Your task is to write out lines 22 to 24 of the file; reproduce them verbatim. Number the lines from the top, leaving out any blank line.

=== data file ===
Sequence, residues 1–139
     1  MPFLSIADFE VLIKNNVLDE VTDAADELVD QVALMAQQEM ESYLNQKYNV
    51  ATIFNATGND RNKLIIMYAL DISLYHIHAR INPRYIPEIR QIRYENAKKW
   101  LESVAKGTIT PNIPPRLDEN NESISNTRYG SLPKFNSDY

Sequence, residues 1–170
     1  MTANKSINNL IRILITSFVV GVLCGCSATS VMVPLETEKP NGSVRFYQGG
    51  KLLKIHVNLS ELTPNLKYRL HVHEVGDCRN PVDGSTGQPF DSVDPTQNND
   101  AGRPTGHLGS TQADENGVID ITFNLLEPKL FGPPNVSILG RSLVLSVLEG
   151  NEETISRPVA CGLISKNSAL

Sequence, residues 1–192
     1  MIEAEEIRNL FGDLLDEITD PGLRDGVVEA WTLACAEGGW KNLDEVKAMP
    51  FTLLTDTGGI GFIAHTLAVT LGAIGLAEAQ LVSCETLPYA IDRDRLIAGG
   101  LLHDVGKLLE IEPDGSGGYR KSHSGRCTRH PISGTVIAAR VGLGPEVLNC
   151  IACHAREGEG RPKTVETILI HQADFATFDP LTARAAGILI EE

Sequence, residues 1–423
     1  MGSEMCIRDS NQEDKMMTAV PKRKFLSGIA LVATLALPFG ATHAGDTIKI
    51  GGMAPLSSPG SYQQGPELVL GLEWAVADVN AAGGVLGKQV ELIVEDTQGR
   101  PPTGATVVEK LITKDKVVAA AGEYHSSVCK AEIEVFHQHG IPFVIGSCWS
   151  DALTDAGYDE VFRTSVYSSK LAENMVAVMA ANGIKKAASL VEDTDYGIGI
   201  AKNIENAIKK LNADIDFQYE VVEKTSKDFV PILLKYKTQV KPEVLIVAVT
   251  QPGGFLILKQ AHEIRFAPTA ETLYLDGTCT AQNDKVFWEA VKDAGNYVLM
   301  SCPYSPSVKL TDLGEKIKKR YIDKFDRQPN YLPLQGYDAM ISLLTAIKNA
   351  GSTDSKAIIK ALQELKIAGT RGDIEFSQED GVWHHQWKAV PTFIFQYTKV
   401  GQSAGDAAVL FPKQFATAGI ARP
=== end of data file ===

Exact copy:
   301  SCPYSPSVKL TDLGEKIKKR YIDKFDRQPN YLPLQGYDAM ISLLTAIKNA
   351  GSTDSKAIIK ALQELKIAGT RGDIEFSQED GVWHHQWKAV PTFIFQYTKV
   401  GQSAGDAAVL FPKQFATAGI ARP